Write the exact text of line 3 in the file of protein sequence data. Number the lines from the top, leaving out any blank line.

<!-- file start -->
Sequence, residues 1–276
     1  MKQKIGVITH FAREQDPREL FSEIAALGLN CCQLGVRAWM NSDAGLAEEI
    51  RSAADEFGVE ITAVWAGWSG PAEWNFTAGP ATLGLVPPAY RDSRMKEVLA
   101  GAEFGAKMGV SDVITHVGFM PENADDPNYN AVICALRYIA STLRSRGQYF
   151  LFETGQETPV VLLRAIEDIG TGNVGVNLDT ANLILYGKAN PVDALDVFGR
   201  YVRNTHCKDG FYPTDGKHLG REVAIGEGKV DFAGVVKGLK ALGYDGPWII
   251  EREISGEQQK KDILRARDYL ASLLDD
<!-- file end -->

    51  RSAADEFGVE ITAVWAGWSG PAEWNFTAGP ATLGLVPPAY RDSRMKEVLA